I’m really not sure why the board vendors think this is a good thing. For me, making the units an abstract measurement of relative size allows the team flexibility in their estimation, and it also keeps the team away from being held to account on a granular level. They show commitment, in return they enjoy less micromanagement.
Lumpy Some argued that tasks into decimal hours was a good idea because it meant you didn’t have the ‘lumpy’ burndown chart you’d get if this used story points. My view is that a lumpy deviation (of any kind) is always a good talking point. Either way, this (story) pointless burndown concealed the first issue, poorly sliced stories.
Done… you have been! The team diligently converted a story into tasks and made sure the decimal hour, in amongst this were the tasks needed to carry out the testing. Everything was in place, the burndown board adjusted itself and the team started their sprint. They were excellent at keeping the tool up to date, and tasks were put into ‘Done’ as the developers finished off their initial coding for the task. The testing tasks were not yet completed, and here is where we find a problem. The burndown chart could stay completely on track (or ahead) without a single piece of testing being completed! With only one tester, this behaviour was literally hidden by the tool (Hidden of course until near cake time!)
Hours Vs. Points In the burndown examples above, you can see on the left all is fine and dandy until day 8. On the right… we can start to see on day 3 could start to talk about where we really are. My view is the point of a radiator is to be able to inspect and adapt as we go, and not just retrospectively!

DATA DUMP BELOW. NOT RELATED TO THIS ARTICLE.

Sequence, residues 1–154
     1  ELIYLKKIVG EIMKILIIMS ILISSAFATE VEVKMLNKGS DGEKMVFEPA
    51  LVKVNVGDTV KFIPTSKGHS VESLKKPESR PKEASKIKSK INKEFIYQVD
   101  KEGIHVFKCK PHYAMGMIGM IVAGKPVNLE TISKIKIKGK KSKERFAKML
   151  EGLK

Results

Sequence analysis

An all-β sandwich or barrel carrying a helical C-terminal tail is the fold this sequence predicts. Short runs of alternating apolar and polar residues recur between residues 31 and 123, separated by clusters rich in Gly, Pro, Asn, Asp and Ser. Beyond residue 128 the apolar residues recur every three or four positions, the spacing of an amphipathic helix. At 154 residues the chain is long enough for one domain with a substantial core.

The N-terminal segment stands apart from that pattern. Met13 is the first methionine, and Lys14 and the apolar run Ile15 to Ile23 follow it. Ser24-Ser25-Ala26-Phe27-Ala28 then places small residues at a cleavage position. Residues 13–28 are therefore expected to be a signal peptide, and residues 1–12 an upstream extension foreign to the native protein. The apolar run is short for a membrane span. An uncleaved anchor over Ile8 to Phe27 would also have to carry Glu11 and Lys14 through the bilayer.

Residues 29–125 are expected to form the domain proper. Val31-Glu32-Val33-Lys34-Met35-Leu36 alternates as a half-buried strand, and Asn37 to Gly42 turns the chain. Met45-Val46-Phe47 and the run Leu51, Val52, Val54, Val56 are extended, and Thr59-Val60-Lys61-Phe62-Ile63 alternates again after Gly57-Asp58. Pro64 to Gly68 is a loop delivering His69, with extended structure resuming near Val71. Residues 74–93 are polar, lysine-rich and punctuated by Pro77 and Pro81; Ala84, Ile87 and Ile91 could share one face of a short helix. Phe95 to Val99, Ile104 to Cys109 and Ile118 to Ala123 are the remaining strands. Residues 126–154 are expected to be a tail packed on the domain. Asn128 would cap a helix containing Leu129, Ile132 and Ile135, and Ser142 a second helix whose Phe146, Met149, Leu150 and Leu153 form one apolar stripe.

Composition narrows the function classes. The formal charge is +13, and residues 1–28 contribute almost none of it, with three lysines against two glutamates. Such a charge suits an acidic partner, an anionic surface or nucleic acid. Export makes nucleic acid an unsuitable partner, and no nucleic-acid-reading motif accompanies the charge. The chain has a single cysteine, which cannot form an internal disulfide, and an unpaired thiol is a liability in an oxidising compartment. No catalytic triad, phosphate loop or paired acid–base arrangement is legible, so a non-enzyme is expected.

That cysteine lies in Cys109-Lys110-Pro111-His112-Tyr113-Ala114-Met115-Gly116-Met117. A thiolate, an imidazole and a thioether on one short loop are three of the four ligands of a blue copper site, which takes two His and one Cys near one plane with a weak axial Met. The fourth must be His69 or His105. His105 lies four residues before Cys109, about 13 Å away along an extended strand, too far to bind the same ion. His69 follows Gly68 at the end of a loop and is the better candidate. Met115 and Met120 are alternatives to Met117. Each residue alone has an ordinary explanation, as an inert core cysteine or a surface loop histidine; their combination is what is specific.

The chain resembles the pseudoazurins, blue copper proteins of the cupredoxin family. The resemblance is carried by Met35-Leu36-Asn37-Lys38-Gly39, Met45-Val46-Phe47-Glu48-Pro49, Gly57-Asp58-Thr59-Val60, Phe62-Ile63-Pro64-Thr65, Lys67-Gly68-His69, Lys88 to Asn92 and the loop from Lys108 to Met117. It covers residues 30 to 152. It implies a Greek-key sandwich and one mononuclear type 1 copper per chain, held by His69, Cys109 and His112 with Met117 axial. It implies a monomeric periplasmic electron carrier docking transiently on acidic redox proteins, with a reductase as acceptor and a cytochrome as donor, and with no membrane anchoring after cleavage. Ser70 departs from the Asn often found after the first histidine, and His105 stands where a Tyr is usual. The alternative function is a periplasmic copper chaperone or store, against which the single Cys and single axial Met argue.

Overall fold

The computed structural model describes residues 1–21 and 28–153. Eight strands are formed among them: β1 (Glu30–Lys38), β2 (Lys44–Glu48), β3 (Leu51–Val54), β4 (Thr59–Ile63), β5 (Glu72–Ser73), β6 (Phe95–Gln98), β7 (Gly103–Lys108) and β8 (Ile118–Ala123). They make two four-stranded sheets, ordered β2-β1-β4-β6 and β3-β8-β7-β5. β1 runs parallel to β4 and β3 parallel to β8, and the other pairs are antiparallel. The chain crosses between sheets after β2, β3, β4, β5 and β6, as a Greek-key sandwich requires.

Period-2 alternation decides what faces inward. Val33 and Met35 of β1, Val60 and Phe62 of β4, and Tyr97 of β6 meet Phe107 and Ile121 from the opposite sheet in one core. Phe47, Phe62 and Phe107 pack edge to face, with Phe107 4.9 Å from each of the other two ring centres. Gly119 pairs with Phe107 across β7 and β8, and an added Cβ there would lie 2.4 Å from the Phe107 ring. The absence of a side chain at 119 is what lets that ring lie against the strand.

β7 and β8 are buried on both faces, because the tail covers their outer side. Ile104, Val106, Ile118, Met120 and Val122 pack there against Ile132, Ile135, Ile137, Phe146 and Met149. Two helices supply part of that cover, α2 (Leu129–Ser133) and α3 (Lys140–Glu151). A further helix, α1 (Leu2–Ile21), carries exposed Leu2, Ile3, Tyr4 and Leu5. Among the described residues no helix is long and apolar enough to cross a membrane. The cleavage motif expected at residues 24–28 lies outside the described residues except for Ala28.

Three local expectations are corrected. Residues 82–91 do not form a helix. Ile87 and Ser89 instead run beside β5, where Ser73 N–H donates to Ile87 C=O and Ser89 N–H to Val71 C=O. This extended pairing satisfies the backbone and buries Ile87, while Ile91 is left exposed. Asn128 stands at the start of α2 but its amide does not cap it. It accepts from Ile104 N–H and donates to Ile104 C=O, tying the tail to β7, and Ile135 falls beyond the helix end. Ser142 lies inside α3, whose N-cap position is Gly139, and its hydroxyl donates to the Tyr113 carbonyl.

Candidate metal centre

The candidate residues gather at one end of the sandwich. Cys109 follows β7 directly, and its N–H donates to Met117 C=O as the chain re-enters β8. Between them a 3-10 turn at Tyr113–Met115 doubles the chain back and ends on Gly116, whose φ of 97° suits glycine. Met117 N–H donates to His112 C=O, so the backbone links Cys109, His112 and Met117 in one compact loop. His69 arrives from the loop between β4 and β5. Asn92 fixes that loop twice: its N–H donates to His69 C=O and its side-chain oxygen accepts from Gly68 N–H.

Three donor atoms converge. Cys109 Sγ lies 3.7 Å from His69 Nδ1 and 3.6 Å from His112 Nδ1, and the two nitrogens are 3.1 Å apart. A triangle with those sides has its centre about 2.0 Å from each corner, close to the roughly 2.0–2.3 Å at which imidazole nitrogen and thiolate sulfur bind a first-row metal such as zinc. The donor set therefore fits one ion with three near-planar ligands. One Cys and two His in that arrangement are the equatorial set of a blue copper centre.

The fix is on… Like I say, when you’re new into a team it’s a case of taking your time and highlighting things to solve in the retrospective. Here’s some of the things they did to improve their flow…
The team were encouraged to talk about the stories more during sprint and trust each other to do the right thing. As time went on they just knew what needed doing, and noted it in the story if need be (as opposed to adding repetitive tasks to each story). They were relieved they didn’t need to do this anymore as it took about 30-60 minutes to calculate the hours and put them in the tool each sprint!
We used our own simpler physical board to talk about work in the stand up (no more cables, scroll bars, and dodgy colours). This freed up about 5 minutes of the teams standup and was much easier to administrate.
It only dealt with stories, and we stopped talk of “Done, but…” We now had a more open and visible radiator to discuss how the developers can help the QA get work into Done before starting the next story.
Stories bigger than a certain size would not be accepted and the team would work to identify better ways to slice the story.
So over the next few weeks and months we did lots more amazing work such as WIP and queue management, writing upfront tests, automating integration tests and giving the QA permission to spend more time coaching the team to test as opposed to simply running tests. The net result… everyone’s waistline increases as we celebrate successful sprint after sprint.